All of us who care about our country and everyone in it, we have to watch, and not fade.
Somehow, we have to be the light.
“Fear is the cheapest room in the house. I would like to see you living in better conditions.”
Fear is ever-present, a room in every house. I think it must be acknowledged to be lived with. Denying fear’s existence, its slithery form under the bed, under the pillow, in your head, in your darkest dreams—is to deny part of what makes us human. Unexamined, it drives us. Unacknowledged, it diminishes us. We want to chase it away, but without it, we are not quite all there. We are fragmented. Brash and bold or handwringing, but not whole.
We are whole when we can look in fear’s hissing-badger face, see it clearly, yet remain calm. It doesn’t mean we are not scared shitless of those needle-sharp badger teeth tearing into us. Tearing into everyone and everything we hold dear. Oh, no. We are terrified of the tearing and even more terrified of the silence that precedes it. Our hearts are beating too fast. We scan the news and cannot breathe, cannot think what to do.
I am saying “we” but when I say that, I am talking of my many selves. Maybe you know what I mean? The selves that scatter as I try to ward off fear.
I’m not afraid of dying, I won’t die tonight—I told myself that, told you that, but lying in the hospital alone, I met fear. It came in the night to shake me awake. It shook every part of me, parts I forgot were there—the frozen teenager, trembling in terror. The happy little girl, lying on her back looking at seagulls and cumulus clouds, breathing sea air, fully in the moment, the one I lost so long ago. It shook the anxious, lost traveler feeling around in the dark for a warm hand, the one learning to hold herself when no one is there.
It awakened the bright-eyed lover who is peaceful as storm clouds threaten, because the sun lives inside her, as it lives inside all of us when we feel whole. It is her I search for now, and I think she’s deep inside, in the fear room, hanging out.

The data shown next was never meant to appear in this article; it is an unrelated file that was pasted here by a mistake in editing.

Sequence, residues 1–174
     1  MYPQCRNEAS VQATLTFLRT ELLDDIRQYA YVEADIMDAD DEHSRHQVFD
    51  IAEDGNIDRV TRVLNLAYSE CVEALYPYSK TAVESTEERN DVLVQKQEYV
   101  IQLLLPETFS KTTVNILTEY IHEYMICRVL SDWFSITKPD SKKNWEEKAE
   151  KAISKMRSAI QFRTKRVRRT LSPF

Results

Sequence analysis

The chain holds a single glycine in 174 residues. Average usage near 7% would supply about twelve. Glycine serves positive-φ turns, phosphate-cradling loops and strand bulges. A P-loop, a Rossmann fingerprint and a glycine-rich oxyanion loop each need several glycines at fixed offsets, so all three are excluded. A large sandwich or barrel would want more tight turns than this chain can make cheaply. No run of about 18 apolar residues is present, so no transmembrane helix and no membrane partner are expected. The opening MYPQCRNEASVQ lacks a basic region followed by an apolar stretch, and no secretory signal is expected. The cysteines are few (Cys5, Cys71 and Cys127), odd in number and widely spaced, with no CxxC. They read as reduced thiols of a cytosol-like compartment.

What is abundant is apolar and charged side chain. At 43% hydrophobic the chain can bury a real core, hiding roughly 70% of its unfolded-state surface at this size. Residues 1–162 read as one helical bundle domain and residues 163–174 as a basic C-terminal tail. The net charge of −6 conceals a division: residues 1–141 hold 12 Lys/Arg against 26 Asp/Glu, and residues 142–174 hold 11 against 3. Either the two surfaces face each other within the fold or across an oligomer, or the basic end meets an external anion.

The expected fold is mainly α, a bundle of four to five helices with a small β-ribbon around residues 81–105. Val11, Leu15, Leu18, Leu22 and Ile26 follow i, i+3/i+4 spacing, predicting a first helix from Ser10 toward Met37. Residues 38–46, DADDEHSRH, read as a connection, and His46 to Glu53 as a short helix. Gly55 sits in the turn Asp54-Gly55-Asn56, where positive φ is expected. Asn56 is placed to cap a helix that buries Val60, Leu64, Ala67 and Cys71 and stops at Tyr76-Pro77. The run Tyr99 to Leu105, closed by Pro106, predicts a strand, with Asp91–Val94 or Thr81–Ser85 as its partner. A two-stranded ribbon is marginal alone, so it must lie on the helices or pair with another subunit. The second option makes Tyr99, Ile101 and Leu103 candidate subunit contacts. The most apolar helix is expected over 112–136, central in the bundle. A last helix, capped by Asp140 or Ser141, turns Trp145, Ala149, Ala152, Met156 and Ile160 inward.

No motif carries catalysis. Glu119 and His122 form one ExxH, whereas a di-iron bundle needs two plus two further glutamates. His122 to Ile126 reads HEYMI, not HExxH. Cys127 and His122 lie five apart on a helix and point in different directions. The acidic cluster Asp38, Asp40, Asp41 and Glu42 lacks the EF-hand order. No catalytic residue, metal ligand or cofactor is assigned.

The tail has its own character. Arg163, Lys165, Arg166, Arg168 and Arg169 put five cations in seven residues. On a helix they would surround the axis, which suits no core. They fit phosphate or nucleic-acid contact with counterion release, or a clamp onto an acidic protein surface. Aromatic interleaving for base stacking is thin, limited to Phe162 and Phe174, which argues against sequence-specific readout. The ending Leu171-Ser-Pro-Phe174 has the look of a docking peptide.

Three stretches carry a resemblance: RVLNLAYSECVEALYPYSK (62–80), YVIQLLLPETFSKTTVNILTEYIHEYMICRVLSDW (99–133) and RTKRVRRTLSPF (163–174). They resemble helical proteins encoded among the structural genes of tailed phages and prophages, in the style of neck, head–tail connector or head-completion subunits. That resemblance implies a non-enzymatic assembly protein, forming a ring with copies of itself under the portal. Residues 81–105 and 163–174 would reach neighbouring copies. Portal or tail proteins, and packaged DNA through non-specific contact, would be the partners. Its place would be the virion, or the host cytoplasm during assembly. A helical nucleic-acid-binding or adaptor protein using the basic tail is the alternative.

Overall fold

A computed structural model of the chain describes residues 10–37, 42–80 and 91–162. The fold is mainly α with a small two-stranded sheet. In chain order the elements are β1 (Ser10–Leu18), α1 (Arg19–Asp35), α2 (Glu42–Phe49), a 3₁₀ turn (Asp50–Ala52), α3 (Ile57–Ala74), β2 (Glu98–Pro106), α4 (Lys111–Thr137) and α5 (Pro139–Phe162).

Fear lives in a room deep inside me. A stuffy room I must visit, opening windows, letting in air, relaxing into, though it makes me edgy. It is a room I go to ponder things I cannot understand, go to find the best parts of me. A room where all my many selves find each other, the default meetup place. In the darkest corner is the cradle of courage, dear little courage, weak as an infant, sobbing, wobbly from being so neglected.
I hold this tiny part of me—she is crying for love—and picking her up, I feel again like a strong, sure mother, courageous enough to look at the fear. All the fears. There are so many right now. It seems important to be strong, be together. Strong enough to smile into the invisible beams of hope that shine behind all fears, casting great shadows.
Hold hands, everyone. No matter what, everyone.
Look at fear honestly, and you will find courage.
Yes. There it is, fear. It travels with us, but we don’t need to feed that snarling beast, it always finds something to feed on.
Say, I see you fear. Then turn away. Let it grow dull from inattention.
It’s courage we need to nurture now.
I drift to this place
where water turns to vapor
where the cold night melts
“Feeling emotional upheaval is not a spiritual faux pas; it’s the place where the warrior learns compassion.”
–Pema Chödrön, From The Places That Scare You
“When it is dark enough, you can see the stars.”
― Ralph Waldo Emerson
Heard a story on NPR today about exposure therapy—a guy who had paralyzing anxiety of rejection set out to GET rejected, over and over, until it no longer frightened him— and it worked for him. It made so much sense. He faced his fears until they stopped scaring him silly.
I guess that is what I am doing, though I hadn’t thought of it quite that way. Exposure therapy. I have been delving into dark places lately (no, no—not all the time, that would be crazy!) and the more I look at things inside that are scary and just ‘be’ with them, the more I appreciate their beautiful powerful forces and the less scared I feel. Rejecting part of yourself takes a lot of energy. It makes you worn down. I wonder if the denial of dark things inside is what creates some cases of chronic anxiety? My overall anxiety level certainly is ebbing as I dig. (But also: spiking like mad as I hit uncharted tunnels.)